Life for Sulyman Qardash, the lead singer of Kabul Dreams, has not been easy. Although born in Afghanistan, Qardash fled to Uzbekistan as a refugee and grew up there. Upon his return to Afghanistan in 2008, he and two fellow...KEEP READING
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We Need More Than A Violin To Connect Argentina and Myanmar
What do the U.S., Argentina, Afghanistan, and Myanmar have in common? This summer, two opportunities enabled me to explore this question from my perspective as an American violinist who recently moved to Argentina from Afghanistan. At the end of May, I conducted my own arrangement of an Afghan folk song at the music festival Iguazu en Concierto in Iguazu Falls, Argentina. In June, I was a guest artist at the first Myanmar Music Festival.
At Iguazu Falls, I reunited with a group from the Afghanistan National Institute of Music (ANIM), where for four years, I taught violin and conducted the orchestra. I saw Iguazu as an opportunity to introduce my Argentinean and Afghan students to each other. Would they get along?
Sure enough, one of my students from San Juan, a tranquil town famous for its wine, learned enough Dari to exchange basic greetings with the Afghan students. “I didn’t know what I’d think of them, because on TV, we only see angry bearded men when we hear about Afghanistan,” she told me. “But we got along just fine.” One day, as students lounged on the grass near the stage overlooking the awe-inspiring waterfalls, the Afghans got out their rubab (a lute-like instrument) and dhol (drum) to play a popular folk song, and it wasn’t long before students from Peru and Paraguay gathered around to watch a couple Brazilian guys dance to the beat.
Brazilian students dance as Afghans play at Iguazu en Concierto, a music festival in Argentina, 29 May 2014. Photo reprinted courtesy of the author.
Shortly after returning to San Juan, I grabbed my violin and headed out on a 20,000 kilometer journey to Yangon (via Buenos Aires, Dubai, and Bangkok). Can music unify a Myanmar still emerging from a half century of military rule? It has helped unify post-Taliban Afghanistan, both through the nationally televised singing contest, Afghan Star, and the February 2013 tour by the Afghan Youth Orchestra, which I conducted. Sold-out concerts at the Kennedy Center and Carnegie Hall on that tour became a source of pride for many Afghans.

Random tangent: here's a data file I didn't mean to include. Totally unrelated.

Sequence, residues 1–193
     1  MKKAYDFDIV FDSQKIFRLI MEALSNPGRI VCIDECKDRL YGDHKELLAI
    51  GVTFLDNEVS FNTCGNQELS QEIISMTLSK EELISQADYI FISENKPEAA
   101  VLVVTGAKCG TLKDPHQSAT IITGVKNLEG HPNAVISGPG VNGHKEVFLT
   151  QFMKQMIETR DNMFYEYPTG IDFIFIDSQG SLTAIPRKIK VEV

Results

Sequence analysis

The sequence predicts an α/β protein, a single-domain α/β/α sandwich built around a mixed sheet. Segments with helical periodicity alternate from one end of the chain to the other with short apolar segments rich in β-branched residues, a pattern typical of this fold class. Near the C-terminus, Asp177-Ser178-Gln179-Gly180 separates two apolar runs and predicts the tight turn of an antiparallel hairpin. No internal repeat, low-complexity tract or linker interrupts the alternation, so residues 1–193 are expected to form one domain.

“You cannot divorce art from economics; you cannot divorce economics from politics; you cannot divorce politics from sociology. It’s all joined up. It’s all part of our human work. It’s part of our human experience.” - Aung San Suu Kyi
I made an explicit connection between Afghanistan and Myanmar when the musicians of the Myanmar Music Festival played at a June 23 meeting of the National League for Democracy. Before we played, Nobel laureate Aung San Suu Kyi said, “You cannot divorce art from economics; you cannot divorce economics from politics; you cannot divorce politics from sociology. It’s all joined up. It’s all part of our human work. It’s part of our human experience.”
I had to speak right after her; a tough act to follow! Before playing an Afghan song, I stated: “Afghanistan, like Myanmar, searches for a way to build unity while celebrating diversity. I was honored to work for and with those Afghans who saw music as an essential part of this quest, and I hope that here in Myanmar, the people of this extraordinary nation find that the power of music, art, and culture helps build the path towards prosperity, liberty, and peace.”